Although Scott Pilgrim is a hyperactive feast, its greatest strength is its studied literalism.
Edgar Wright’s adaptation of Bryan Lee O’Malley’s comic-book series isn’t perfect, but it exudes the telltale energy of a watershed moment in cinema. Here, on screen, in this electric explosion of videogame imagery, the PlayStation Generation has come of age.
Scott Pilgrim – geek, slacker, egotist, fool – is also a prophet of change. The touchstones of cinema are giving way to a new era; an era in which the bric-a-brac of our twenty-first century lives can no longer be denied their place. Scott Pilgrim is furiously, hyperactively unreal, but in its appreciation of what matters to us now, of how we have been shaped, guided and reborn by technology, it is more intimately connected to the reality of life as we know it than any of its contemporaries.
Director Edgar Wright has triumphantly recalled Pauline Kael’s conviction that junk culture is culture. Scott Pilgrim is a psychedelic 8-bit trip through the mind of a gamer. It is a mind forged by Streetfighter 2 and Sonic the Hedgehog, a solipsistic daydream where love is something that must literally be fought for.
As Scott (played by Michael Cera) overcomes the seven evil exes of girlfriend Ramona Flowers (Mary Elizabeth Winstead) in a series of extraordinary battles, the film gradually untethers itself from the strictures of cinema, and assumes the structure, speed and vitality of a game – levelling up through a series of challenges rather than progressing down a narrative path. And as it does so, Wright dresses the film in the cheery visuals of both games and comics: power meters, one-ups and biff-bash-bosh sound effects.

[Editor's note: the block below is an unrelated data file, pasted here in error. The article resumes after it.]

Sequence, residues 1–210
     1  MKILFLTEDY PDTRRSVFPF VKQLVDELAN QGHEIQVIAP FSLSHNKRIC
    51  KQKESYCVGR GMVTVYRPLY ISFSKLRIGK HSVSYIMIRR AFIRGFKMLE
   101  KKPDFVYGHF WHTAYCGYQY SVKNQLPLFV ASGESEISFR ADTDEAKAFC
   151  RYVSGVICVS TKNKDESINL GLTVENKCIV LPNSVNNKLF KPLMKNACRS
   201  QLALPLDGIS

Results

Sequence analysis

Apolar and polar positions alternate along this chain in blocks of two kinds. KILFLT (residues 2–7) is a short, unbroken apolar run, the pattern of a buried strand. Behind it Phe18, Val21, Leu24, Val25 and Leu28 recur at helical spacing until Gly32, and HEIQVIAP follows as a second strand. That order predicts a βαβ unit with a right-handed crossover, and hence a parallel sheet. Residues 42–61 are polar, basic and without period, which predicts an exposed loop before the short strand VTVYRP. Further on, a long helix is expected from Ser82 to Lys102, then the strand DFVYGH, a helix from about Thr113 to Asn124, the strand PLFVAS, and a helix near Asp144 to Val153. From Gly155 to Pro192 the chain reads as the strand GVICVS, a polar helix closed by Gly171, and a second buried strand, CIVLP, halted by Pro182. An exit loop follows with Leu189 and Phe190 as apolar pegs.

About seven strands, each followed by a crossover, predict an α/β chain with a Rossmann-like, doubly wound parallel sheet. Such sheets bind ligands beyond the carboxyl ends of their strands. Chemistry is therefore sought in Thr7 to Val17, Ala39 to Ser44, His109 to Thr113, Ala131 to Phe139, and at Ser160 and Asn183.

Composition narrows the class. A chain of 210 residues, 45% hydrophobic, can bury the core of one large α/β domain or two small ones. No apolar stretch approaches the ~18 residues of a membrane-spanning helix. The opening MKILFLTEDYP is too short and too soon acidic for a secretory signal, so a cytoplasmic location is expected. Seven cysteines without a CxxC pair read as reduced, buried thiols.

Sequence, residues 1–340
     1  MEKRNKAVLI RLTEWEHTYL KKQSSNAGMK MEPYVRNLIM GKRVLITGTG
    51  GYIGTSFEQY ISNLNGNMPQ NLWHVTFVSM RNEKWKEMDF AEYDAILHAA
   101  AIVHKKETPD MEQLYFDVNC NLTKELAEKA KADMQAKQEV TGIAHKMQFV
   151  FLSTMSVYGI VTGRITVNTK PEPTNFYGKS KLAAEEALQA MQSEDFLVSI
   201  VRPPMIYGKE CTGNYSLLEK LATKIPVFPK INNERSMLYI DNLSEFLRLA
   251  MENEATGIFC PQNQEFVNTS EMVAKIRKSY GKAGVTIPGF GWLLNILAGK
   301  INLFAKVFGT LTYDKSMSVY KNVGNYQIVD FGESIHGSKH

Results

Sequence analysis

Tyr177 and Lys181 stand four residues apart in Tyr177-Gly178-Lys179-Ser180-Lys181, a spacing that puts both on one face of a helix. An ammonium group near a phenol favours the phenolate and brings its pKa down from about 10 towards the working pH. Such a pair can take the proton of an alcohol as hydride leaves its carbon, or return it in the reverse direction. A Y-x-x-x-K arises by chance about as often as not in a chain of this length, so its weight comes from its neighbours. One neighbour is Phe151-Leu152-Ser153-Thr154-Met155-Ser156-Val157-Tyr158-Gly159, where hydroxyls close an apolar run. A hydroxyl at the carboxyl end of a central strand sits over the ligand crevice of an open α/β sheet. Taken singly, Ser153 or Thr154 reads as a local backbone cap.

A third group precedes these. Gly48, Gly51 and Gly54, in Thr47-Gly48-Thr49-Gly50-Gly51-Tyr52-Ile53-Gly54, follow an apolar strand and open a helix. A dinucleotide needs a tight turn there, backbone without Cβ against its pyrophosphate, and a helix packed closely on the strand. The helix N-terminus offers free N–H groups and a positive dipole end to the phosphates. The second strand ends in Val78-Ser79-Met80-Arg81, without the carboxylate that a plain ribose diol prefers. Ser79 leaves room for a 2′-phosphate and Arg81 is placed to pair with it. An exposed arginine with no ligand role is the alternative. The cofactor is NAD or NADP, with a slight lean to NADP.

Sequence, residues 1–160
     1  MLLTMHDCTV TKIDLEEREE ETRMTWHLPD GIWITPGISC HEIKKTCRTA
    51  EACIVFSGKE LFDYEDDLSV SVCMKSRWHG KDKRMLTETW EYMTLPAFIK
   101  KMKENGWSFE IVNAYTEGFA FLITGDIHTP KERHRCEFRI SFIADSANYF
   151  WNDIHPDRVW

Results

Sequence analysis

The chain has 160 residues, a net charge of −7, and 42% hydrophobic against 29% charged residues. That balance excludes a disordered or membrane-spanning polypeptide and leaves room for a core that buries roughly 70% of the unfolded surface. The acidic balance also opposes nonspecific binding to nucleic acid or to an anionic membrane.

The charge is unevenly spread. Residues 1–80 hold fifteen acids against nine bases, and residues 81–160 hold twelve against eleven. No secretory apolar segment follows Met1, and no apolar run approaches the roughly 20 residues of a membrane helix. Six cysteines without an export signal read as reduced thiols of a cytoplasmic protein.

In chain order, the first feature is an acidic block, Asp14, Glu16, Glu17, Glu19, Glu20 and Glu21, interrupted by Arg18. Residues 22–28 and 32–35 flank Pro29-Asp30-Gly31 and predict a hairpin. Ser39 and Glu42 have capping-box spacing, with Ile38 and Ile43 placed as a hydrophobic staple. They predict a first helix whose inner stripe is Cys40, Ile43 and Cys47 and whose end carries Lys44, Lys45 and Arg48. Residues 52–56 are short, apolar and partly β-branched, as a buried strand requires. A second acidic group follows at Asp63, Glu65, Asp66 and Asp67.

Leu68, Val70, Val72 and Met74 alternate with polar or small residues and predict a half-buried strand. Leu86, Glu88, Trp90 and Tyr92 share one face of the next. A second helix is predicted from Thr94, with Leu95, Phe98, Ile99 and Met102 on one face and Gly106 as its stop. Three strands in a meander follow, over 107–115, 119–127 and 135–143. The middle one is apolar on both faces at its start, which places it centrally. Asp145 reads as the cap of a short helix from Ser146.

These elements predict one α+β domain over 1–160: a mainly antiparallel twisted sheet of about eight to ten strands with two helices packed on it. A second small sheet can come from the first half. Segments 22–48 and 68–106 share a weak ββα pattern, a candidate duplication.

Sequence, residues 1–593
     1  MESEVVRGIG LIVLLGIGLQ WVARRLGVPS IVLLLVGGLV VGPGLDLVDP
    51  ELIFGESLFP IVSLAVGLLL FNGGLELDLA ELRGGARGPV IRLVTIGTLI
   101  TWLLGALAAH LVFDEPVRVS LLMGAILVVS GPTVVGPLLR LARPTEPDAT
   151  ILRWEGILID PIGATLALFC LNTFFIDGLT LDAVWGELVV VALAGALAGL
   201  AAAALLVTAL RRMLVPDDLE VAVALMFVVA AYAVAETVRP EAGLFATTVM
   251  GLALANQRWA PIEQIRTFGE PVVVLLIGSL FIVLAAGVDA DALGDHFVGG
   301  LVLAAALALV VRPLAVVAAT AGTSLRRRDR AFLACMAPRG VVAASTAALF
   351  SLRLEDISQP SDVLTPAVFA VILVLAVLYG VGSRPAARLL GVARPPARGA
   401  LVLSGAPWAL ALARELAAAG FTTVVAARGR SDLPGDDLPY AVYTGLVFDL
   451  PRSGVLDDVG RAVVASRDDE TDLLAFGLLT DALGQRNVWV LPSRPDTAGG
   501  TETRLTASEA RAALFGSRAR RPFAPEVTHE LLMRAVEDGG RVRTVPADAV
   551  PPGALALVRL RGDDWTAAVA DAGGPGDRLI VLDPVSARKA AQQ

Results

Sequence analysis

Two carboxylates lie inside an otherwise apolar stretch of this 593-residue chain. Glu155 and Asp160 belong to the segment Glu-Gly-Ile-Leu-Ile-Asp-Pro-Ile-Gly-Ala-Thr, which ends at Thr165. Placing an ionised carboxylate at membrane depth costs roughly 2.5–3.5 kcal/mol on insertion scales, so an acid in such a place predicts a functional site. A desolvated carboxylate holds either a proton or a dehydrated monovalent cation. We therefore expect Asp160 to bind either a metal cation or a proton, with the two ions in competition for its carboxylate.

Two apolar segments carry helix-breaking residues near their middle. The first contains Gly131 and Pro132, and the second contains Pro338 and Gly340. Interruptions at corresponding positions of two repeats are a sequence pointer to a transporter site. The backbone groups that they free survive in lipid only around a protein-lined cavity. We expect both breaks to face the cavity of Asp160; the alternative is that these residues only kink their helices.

For although Scott Pilgrim is a hyperactive feast, its greatest strength is its studied literalism. By refusing to offer a nod and a wink to the audience as Scott performs gravity-defying kung-fu, Wright displays an admirable courage in his aesthetic convictions. This is his world – deal with it. For all that he throws a bewildering array of effects at the screen, none of them offers an escape hatch. Scott Pilgrim takes us remorselessly beyond our comfort zone, speaking to us – indeed, shouting at us – in a new cinematic language.
And yes, at times it becomes too much. If this is the future, some people will be appalled. Scott Pilgrim is a relentless experience in which the few quiet moments are crowded out by the film’s general air of noisy enthusiasm. That is a consequence of its ambition. What Wright is attempting here is so new, and the excitement so palpable, that it occasionally overwhelms the film’s focus. The aesthetic will mature, but Scott Pilgrim is a cinematic adolescent, awkwardly testing the limits of its new form.
Whether or not Scott Pilgrim augurs a lasting change is open to debate. There’s plenty of evidence from the US box office to suggest that it hasn’t connected with a mainstream audience. But that isn’t really the point. The success of a film like this isn’t about numbers or statistics. It’s about developing a new sensibility. It’s about a generational shift. And it should be divisive. There are lines being drawn. The past is on one side; the future is on the other. Where would you rather be?
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